As for me, there was NO WAY that I'd be sending my precious bodily fluids to some P.O. Box in Colorado, but when I saw that one could order the Dream Machine plans........that was an entirely different story. The plans could not have been that expensive, for 19 year old Disaster Amnesiac was not the greatest earner in Alameda County, so I was able to send off for them.
A few weeks later, said plans arrived, and I got down to the business of making my Dream Machine. Along with the cut-out plan, printed upon a rather large sheet of paper, all that was needed was a turntable that rotated at 78 RPM, a light bulb, and a way to hang the bulb into the cone that the sheet of paper, with the cuts from the plan having been made into it. Easy, right? Perhaps for most young Post-Punkers, but I must admit that I struggled with the design. Having made the cut outs from the plan onto my sheet of paper, it turned out that I'd not cut the sheet to its exact proper length. This lead to me having to put weird staples into it as its cone form took shape; although it eventually hung together reasonably well, it was certainly not pretty. The bulb apparatus was threaded through a chain that hung from a plant hook on the ceiling of my bedroom. Disaster Amnesiac moved a desk underneath it, placed the cheap turntable that I'd acquired from a thrift shop off of Fremont Blvd. in Fremont upon it, and presto! Dream Machine activated.
Having read so much about the altered states that could be accessed from use of the Dream Machine, I was excited to get to reaching them, that much is certain. The flaw in my design gave my Dream Machine a kind of swishing sound that occurred with each of its rotations, which made it annoying right off of the bat. It made for a kind of dragging effect as well. Still, I was able to sit in front of it, with Heathen Earth or Boyd Rice music going, and trance out reasonably well. I recall seeing colored, vertical stripes, perhaps some amorphous blobs, within my close-eyed perceptions as the Dream Machine spun. Never really got into the deep hallucinatory states promised by Gysin, Burroughs, Sommerville et al, sadly. Still, if memory serves correctly, my sessions with it were definitely relaxing in some way.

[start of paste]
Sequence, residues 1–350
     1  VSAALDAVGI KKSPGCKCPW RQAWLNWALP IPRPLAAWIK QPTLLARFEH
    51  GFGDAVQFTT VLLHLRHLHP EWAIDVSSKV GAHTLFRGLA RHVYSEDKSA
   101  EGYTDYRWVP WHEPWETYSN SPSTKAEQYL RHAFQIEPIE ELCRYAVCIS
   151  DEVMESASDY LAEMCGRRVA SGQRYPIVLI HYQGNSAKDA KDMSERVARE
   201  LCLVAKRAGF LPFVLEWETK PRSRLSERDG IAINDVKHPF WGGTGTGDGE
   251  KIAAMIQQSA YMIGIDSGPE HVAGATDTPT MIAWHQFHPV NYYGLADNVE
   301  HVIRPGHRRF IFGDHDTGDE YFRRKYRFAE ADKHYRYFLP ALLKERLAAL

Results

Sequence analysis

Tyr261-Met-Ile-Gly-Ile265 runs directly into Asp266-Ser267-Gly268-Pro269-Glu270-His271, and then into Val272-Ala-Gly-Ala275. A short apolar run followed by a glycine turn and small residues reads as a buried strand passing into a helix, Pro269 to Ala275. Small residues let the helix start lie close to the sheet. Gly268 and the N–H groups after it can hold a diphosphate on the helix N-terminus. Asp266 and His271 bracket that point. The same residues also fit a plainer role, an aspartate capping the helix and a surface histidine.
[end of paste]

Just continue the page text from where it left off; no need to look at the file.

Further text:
Sadly, for some reason, in a fit of anger, one afternoon Disaster Amnesiac smashed the Dream Machine. I'm guessing the reason was some silly girl-related depression or some such nonsense. It was immediately obvious what a dumb move I'd made, and the regret was equally immediate. Stupid kids gonna stupid kid. Soon, I chalked it all up to being an "interesting experience", and moved on to my next foolhardy scheme. As said, stupid kids......
A bit further into the 1990's, I made friends with a young woman with whom I talked about art, and Gysin, and the Dream Machine. She was very kind and bought me a copy of another book about the artist, one which contained a plan for the Dream Machine, similar to the one that T.O.P.Y had been selling. I still have it. I wonder if the "intelligence agencies" that raided T.O.P.Y. headquarters still have their lists of all those people that sent their cash and spooge that Colorado P.O. box.
Who knows, maybe this year I will bust out that second Dream Machine plan, head over to the swap meet, grab a 78 RPM turntable, and get to blissing out on the cheap again. Pretty sure the temper that smashed that first Dream Machine has been quelled enough, even if I get those measurements slightly incorrect again.